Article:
- The Washington Times - Wednesday, February 13, 2008

GRASONVILLE, Md. - State Sen. Andrew P. Harris declared victory shortly after midnight in a stunning upset of nine-term US Rep. Wayne T. Gilchrest.

“Nine months ago everybody told me you can’t win against an incumbent congressman,” Mr. Harris told supporters.

“Voters in the First District apparently embraced my conservative message.”

With 205 of 277 precincts reporting, Mr. Gilchrest had 35 percent of the votes, according to the Associated Press. Mr. Harris had 41 percent and state Sen. E.J. Pipkin had 21 percent.

Mr. Gilchrest had not called to concede the race, but it was statistically impossible for him to win, the Harris campaign said.

Queen Anne’s County State’s Attorney Frank M. Kratovil Jr. had the lead in the Democratic primary that also included Cambridge lawyer Christopher R. Robinson, Harford County lawyer Joseph Werner, and Steve Harper, a former diplomat living in Anne Arundel County.

Mr. Kratovil, who led party candidates in campaign money and political endorsements, had 42 percent of the vote. His closest competitor, Mr. Robinson, had 32 percent, with 155 of the precincts reporting. The numbers also represent 56 percent of the precincts reporting.

Poll hours were extended 90 minutes, until 9:30 p.m., because of the winter storm that resulted in slick roads and sidewalks. Final results can be found at https://www.elections. state.md.us/index.html. However, the votes taken after 8 p.m. are considered provisional and will not be counted until Tuesday.

“It was a difficult campaign. It was cacophony of chaos that confused the voters,” said Mr. Gilchrest, who said he remained optimistic.

The well-financed Republican primary, which started in the summer, at times became personal, with opposing campaigns calling one another “dishonest” and “negative.”

Mr. Harris, Baltimore and Harford counties, and Mr. Pipkin, Eastern Shore, accused Mr. Gilchrest of being soft on illegal aliens and criticized him for his vote with House Democrats to pull troops out of Iraq.

Mr. Pipken had an ad featuring Mr. Gilchrest, Mr. Harris and Gov. Martin O’Malley, a Democrat, wearing sombreros and describing them as the “Three Amigos.”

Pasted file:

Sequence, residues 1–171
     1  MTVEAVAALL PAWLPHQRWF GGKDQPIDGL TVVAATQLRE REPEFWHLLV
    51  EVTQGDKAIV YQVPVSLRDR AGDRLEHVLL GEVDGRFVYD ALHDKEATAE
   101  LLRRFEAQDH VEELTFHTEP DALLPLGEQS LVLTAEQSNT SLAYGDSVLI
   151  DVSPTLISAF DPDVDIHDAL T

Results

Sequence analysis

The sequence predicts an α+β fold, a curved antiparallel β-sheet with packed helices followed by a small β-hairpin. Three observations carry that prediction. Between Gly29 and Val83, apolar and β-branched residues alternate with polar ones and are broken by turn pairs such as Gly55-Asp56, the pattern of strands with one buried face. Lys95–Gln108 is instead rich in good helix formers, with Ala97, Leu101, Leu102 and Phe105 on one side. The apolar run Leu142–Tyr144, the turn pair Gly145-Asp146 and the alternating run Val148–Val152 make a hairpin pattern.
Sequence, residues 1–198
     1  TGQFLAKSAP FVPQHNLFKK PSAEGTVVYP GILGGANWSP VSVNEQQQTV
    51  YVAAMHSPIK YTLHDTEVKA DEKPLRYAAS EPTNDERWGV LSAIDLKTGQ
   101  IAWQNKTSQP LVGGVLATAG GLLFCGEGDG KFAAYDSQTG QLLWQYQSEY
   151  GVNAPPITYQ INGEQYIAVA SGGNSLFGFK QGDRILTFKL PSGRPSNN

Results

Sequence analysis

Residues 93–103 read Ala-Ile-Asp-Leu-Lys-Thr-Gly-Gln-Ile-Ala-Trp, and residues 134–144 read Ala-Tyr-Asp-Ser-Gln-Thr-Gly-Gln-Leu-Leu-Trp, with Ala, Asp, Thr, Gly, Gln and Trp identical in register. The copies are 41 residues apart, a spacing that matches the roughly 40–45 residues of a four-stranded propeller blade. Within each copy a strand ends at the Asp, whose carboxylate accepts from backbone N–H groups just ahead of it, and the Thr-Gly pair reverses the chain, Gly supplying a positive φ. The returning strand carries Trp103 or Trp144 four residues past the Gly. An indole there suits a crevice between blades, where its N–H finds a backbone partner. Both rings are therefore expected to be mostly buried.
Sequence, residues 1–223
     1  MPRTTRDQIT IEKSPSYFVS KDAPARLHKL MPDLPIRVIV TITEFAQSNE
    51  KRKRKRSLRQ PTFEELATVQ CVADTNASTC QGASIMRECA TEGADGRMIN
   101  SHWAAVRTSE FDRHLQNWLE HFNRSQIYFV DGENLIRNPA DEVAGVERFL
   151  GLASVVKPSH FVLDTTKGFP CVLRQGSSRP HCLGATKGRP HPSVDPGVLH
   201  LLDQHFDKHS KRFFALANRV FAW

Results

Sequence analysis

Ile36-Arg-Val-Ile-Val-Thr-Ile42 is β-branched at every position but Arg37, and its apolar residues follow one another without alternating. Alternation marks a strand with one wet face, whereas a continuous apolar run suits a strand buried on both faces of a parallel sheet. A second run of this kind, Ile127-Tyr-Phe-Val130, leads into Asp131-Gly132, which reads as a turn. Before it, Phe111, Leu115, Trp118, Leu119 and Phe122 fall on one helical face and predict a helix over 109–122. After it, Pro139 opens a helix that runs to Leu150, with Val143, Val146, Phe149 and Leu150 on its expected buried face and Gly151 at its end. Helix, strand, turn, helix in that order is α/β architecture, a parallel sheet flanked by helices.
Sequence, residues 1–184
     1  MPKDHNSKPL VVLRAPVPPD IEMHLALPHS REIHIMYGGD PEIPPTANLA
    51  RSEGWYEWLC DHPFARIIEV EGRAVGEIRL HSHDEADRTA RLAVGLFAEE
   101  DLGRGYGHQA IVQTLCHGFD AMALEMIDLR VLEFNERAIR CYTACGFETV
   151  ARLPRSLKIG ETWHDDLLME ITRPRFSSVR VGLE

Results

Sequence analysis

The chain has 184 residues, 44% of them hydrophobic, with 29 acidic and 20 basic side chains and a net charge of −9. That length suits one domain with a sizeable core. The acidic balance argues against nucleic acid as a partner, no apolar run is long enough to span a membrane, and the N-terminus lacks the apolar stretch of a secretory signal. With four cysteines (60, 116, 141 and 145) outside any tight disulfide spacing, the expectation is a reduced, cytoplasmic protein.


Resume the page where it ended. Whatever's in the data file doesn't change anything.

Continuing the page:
Voters in the largely rural district — whose economy includes agriculture, commercial seafood and tourism — were concerned about the influx of illegal aliens taking jobs in those industries.

Tom Batchelor, an Easton architect, voted for Mr. Gilchrest. “Most of the [candidates] I voted for are incumbents and haven’t given me problems to vote against them,” he said.

Earl Lewin, 74, of Chestertown and a retired video producer, also said he voted for Mr. Gilchrest.

“He’s a guy you can get on the phone if you have a problem,” he said. “It gives you a real connection with government.”

The race also was one of the most expensive in the history of the Republican-heavy district.

More than $1.5 million was raised in recent months, campaign officials said, and the total was expected to exceed $4 million.

The money went to TV, radio and print campaigns throughout much of the state, though the district encompasses only the Eastern Shore and parts of Anne Arundel, Baltimore, Cecil and Harford counties.

Some of the ads were sponsored by national political action committees. The Club for Growth, an anti-tax group, spent hundreds of thousands of dollars in support of Mr. Harris.

Final-days efforts included Harris campaign ads showing voters calling Mr. Gilchrest, 63, a taxer and spender, followed by a brief endorsement by former Gov. Robert L. Ehrlich Jr., a Republican.

Mr. Pipkin ran ads countering Harris arguments that he and Mr. Gilchrest are “two liberal peas in a pod.”

Scott Milligan, 37, of Chestertown and a high school teacher, voted for Mr. Pipken.

“I just thought it was time for a change there,” said Mr. Milligan, adding that he was swayed by a Pipken commercial denying accusations made by Mr. Harris.

Even Mr. Gilchrest’s son, Kevin, got involved, with a YouTube mockery of Mr. Harris and Mr. O’Malley.

Mr. Gilchrest had endorsements from President Bush and former House Speaker Newt Gingrich.

Former Lt. Gov. Michael S. Steele promised to help raise money for any Republican candidate but “urged” voters to pick Mr. Gilchrest.

Mr. Harris, an anesthesiologist, also had support from many of his State House colleagues and conservative activists in the district. Mr. Pipkin had the backing of several police unions and state Senate Minority Leader David R. Brinkley, Frederick County Republican.

Mr. Gilchrest had won other close races. He defeated his last primary challenger, state Sen. Richard T. Colburn, by 9,000 votes in 2004.

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